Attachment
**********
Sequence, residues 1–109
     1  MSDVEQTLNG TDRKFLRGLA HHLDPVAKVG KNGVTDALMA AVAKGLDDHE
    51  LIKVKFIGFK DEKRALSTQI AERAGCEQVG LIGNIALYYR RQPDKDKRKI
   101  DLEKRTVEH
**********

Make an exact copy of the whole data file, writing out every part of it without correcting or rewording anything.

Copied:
Sequence, residues 1–109
     1  MSDVEQTLNG TDRKFLRGLA HHLDPVAKVG KNGVTDALMA AVAKGLDDHE
    51  LIKVKFIGFK DEKRALSTQI AERAGCEQVG LIGNIALYYR RQPDKDKRKI
   101  DLEKRTVEH